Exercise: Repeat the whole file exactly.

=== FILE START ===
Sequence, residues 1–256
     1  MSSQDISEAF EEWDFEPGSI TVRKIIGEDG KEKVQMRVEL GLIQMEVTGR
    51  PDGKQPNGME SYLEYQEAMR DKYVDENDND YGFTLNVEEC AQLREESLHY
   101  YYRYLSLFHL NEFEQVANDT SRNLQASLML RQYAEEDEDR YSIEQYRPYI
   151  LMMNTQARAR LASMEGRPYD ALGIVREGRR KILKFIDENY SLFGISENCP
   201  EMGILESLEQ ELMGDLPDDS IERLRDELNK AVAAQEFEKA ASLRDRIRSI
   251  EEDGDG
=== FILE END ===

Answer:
Sequence, residues 1–256
     1  MSSQDISEAF EEWDFEPGSI TVRKIIGEDG KEKVQMRVEL GLIQMEVTGR
    51  PDGKQPNGME SYLEYQEAMR DKYVDENDND YGFTLNVEEC AQLREESLHY
   101  YYRYLSLFHL NEFEQVANDT SRNLQASLML RQYAEEDEDR YSIEQYRPYI
   151  LMMNTQARAR LASMEGRPYD ALGIVREGRR KILKFIDENY SLFGISENCP
   201  EMGILESLEQ ELMGDLPDDS IERLRDELNK AVAAQEFEKA ASLRDRIRSI
   251  EEDGDG